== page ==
IMG_5574

With a proposed distillery popping up almost every week, we get very excited about Irish whiskey. I think that’s mostly down to how low our expectations had sunk. In Scotland where there are already over 100 working distilleries, the newbies have attracted less attention. But the scene here is buzzing.

We started our journey at Strathearn, what do you mean you haven’t read this blog and that blog post. Shame! Anyway within a short drive of Perth is the shiny new Kingsbarn (at £8m+ it and a visitors centre there was no point going), the totally eccentric Daft Mill (you have to click the link) and Arbikie Highland Estate.

Huge or small? It's all a matter of perspective

Huge or small? It’s all a matter of perspective

After a couple of days at Scotland’s smallest distillery we weren’t quite ready for Arbikie. It’s bloody huge. Set on a 2,000 acre estate Arbikie is how a lottery winner would build a distillery. Hire a Masters student from Herriot Watt (the lovely Kirsky), give her your cheque book and come back in fifteen years when the whisky is ready to bottle. The distillery is set in a barn so large that out the back it houses a container load of bottles, a massive grain silo and two combine harvesters.

Kirsty and her wooly hat

Kirsty and her wooly hat

On the day we visited Kirsty wasn’t making whiskey, we arrived in the middle of vodka season. The distillery was inspired (and no doubt paid for) by the miles and miles of potatoes grown here, and every year Kirsty sets to work turning spuds into vodka. It’s a long drawn out process. A large sack of spuds will only generate a bottle of spirit, but only after the spuds are boiled, fermented and then distilled in a column still the size of a small block of flats.

A small block of flats

A small block of flats

Even then it’s not over. Potato spirit contains large volumes of methanol, so after distillation the vodka is distilled again in a special methanol removing yolk. However all that does prove that Irish poteen was never really made from potatoes, that the GI is a crock of shit and that John Ford was right when he said ‘when the legend becomes fact, print the legend.’

Eden Mill

Eden Mill

A quick skip and a hop and we were at Eden Mill, unique on this road trip as it is both a brewery and more recently a distillery. Inspired and helped by Strathearn’s founder Tony Reeman-Clark, Eden Mill produces whisky in three 1,000 litre Hoga stills.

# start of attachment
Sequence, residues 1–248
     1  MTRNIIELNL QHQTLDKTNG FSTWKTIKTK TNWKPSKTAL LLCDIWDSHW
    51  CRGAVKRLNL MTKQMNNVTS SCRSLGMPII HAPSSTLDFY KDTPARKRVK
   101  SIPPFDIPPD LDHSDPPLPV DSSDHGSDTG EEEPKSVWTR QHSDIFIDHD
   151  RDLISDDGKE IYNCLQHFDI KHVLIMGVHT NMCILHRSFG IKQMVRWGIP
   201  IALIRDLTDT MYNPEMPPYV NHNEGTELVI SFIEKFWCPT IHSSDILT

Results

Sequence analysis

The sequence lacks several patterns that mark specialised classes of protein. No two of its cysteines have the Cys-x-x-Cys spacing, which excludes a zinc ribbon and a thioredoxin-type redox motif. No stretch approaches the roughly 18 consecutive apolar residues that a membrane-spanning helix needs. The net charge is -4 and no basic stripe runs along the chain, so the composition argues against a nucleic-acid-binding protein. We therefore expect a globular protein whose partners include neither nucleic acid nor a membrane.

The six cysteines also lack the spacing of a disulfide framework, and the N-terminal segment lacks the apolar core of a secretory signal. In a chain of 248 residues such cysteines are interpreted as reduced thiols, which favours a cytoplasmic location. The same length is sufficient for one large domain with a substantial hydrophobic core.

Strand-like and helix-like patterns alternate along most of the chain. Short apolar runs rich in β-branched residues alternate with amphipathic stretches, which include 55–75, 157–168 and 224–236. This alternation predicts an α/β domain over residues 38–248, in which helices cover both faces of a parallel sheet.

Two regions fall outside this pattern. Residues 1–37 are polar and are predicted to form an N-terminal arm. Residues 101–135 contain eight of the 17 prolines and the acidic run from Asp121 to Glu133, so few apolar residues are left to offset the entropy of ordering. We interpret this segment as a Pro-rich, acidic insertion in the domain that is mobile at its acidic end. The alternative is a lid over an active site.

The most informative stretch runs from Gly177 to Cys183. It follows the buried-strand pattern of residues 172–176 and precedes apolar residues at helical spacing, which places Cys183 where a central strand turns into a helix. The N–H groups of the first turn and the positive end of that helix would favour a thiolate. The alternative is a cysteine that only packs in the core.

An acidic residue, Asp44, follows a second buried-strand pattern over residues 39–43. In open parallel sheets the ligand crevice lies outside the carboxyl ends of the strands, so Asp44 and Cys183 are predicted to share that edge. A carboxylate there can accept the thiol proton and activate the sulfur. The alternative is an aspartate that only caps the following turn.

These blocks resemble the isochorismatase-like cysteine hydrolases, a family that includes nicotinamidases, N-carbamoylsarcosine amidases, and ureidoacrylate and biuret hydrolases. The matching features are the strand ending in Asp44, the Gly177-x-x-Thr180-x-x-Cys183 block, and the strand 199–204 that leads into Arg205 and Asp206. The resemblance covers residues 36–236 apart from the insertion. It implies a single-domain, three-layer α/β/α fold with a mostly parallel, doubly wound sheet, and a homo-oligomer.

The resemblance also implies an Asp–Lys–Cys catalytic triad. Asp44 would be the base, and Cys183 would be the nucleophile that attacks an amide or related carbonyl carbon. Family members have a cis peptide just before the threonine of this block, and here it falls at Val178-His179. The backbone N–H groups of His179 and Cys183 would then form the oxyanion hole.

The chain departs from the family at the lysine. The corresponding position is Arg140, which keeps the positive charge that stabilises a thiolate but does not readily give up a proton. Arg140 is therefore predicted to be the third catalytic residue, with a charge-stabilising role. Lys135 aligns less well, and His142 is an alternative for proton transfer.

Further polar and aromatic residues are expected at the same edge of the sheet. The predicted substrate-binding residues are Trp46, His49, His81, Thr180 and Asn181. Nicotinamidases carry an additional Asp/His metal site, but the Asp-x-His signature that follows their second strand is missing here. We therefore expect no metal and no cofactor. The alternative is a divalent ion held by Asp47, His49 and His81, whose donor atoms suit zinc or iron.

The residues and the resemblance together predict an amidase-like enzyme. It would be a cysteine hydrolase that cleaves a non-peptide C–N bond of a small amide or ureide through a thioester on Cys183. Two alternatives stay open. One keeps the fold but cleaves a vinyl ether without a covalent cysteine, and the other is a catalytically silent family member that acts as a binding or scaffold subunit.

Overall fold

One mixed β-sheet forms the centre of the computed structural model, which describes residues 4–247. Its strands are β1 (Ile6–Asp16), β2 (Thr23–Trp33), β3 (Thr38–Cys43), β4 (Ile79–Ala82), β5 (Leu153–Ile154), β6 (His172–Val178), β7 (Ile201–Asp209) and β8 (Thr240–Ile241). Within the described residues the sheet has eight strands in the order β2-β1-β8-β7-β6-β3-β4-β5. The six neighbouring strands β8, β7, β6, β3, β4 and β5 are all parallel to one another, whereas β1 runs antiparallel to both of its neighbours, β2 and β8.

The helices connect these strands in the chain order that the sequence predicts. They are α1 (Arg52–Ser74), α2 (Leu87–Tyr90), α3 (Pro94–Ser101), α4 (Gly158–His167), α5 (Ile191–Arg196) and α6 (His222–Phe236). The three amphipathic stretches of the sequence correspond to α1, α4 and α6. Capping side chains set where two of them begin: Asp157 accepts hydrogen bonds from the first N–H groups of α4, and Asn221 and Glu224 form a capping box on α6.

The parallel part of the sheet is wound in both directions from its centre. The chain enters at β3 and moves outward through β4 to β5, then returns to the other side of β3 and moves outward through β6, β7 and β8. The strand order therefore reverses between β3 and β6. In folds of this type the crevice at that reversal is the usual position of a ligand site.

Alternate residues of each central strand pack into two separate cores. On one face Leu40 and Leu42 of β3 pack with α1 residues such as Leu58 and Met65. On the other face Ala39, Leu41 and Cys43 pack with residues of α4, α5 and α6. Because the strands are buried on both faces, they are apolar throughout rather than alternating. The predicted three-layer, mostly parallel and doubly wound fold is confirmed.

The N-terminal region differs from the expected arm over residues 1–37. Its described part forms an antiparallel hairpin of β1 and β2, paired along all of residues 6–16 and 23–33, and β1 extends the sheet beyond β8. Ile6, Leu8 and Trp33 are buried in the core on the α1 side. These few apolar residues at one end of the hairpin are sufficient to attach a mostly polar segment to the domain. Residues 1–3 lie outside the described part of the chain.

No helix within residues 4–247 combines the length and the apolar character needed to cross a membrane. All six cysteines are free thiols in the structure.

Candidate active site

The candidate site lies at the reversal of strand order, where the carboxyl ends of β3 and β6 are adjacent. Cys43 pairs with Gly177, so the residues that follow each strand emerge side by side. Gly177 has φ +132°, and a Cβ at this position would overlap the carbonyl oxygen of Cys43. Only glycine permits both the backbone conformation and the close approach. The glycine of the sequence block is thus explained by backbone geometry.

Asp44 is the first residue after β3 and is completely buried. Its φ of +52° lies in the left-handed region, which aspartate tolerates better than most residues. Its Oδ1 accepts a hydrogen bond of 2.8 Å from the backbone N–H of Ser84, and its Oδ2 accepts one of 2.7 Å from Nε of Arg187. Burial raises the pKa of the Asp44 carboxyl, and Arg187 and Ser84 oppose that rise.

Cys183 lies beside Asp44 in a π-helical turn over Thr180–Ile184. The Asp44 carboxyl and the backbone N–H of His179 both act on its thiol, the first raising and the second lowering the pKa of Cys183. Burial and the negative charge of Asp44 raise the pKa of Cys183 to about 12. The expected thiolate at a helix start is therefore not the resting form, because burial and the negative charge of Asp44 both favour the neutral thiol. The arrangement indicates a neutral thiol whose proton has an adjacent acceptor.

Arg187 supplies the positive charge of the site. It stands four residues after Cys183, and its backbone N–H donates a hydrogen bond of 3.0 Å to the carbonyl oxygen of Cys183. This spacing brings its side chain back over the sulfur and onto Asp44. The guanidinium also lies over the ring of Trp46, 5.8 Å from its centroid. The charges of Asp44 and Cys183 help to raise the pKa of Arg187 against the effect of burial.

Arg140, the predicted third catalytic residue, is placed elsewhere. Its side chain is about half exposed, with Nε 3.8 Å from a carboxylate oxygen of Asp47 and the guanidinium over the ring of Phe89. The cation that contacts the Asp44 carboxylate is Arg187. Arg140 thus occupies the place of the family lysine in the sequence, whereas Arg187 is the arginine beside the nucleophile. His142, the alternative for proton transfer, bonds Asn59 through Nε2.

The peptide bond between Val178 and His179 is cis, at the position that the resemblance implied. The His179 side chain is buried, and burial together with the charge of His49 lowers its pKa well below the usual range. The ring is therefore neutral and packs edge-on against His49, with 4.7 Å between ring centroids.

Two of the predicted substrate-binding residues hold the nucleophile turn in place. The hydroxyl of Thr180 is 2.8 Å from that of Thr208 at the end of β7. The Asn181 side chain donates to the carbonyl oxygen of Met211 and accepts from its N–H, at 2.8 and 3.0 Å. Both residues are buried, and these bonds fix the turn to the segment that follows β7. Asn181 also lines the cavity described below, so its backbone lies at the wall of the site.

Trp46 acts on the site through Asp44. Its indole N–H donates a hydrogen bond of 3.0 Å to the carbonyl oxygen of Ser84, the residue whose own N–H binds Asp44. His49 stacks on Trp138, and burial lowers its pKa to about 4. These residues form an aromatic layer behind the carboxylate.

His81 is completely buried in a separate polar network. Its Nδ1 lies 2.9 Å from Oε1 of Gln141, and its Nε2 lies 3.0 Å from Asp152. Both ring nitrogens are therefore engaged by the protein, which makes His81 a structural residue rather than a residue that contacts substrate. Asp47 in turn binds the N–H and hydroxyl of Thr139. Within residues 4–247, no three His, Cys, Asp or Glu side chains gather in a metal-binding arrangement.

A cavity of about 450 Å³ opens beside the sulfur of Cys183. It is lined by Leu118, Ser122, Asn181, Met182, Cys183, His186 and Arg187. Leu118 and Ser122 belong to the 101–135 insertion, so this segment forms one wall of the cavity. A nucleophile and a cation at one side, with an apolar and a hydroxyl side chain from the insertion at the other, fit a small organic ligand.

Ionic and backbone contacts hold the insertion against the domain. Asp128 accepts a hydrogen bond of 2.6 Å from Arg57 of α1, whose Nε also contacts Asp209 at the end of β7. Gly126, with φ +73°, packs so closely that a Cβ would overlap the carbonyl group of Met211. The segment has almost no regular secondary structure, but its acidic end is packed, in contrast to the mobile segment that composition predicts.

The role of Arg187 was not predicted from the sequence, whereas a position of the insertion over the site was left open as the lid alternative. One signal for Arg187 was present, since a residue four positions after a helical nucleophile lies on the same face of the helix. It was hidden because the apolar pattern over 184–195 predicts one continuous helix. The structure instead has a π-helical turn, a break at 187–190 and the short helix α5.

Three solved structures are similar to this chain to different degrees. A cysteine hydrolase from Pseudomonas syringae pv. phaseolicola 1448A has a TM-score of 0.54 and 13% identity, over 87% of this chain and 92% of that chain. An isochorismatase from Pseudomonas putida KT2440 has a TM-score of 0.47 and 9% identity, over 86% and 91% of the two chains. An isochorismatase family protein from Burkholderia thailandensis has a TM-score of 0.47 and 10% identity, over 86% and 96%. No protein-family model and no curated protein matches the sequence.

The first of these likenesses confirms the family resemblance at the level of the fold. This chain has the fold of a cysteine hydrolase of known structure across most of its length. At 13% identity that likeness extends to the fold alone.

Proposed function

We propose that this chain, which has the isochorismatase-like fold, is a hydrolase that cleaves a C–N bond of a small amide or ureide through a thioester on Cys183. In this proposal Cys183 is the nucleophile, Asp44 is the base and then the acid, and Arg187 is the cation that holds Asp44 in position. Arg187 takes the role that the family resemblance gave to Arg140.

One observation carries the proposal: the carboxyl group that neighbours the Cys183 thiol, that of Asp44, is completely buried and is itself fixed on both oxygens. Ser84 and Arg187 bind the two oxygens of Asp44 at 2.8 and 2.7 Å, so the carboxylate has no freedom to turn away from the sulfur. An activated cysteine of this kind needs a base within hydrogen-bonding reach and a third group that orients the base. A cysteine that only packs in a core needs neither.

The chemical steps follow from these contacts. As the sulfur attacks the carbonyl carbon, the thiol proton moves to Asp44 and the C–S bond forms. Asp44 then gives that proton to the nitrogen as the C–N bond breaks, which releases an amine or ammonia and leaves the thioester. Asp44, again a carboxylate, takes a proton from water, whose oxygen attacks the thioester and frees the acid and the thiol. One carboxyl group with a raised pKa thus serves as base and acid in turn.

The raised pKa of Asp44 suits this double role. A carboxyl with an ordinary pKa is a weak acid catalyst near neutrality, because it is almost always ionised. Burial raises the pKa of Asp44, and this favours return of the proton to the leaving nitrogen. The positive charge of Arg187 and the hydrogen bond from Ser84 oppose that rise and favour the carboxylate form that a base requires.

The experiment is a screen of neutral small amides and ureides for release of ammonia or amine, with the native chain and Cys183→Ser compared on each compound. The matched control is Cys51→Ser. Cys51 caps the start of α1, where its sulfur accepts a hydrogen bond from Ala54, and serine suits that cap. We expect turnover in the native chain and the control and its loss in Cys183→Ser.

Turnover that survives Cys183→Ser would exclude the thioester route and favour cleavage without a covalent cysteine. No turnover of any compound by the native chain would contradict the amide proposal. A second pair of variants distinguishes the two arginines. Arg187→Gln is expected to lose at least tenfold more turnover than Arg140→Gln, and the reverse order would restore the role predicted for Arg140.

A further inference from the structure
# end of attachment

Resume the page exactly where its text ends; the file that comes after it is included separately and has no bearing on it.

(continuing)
Hoga x 3

Hoga x 3

One is used as a wash still, the other two as spirit/gin stills and it’s a process that seems to work well. They systems here are slightly more automated than at Strathearn, in that the mash tun has a plough so less shovelling. Both the peated and unpeated new make is light with malty sweetness, again the grain being pushed to the fore here.

Less shovelling

Less shovelling

Like just about every place we visited (including Arbikie) the latter end of the process (bottling and labelling) is labour intensive. Basically labelling is a just a major pain in the ass and sorting it is expensive and way down most people’s list of priorities. At Eden Mill however they at least have screen printed bottles. So newbie Irish distillers take note.

Labour reduced to one secuirty tab

Labour reduced to one secuirty tab

One other thing to note is that on a cold day in the middle of January the tourists came to Eden Mill. No fewer than four tours (more in summer) where people met the distillers, smelt the smell, had a tasting and bought a bottle. Of course something we micro’s can’t do here.

On the final day of our road trip we headed west to meet a nuclear physicist turned distiller, and you can read all about that tomorrow.

To be continued…

Leave a Reply

Your email address will not be published.

You may use these HTML tags and attributes:
<a href="" title=""> <abbr title=""> <acronym title=""> <b> <blockquote cite=""> <cite> <code> <del datetime=""> <em> <i> <q cite=""> <s> <strike> <strong>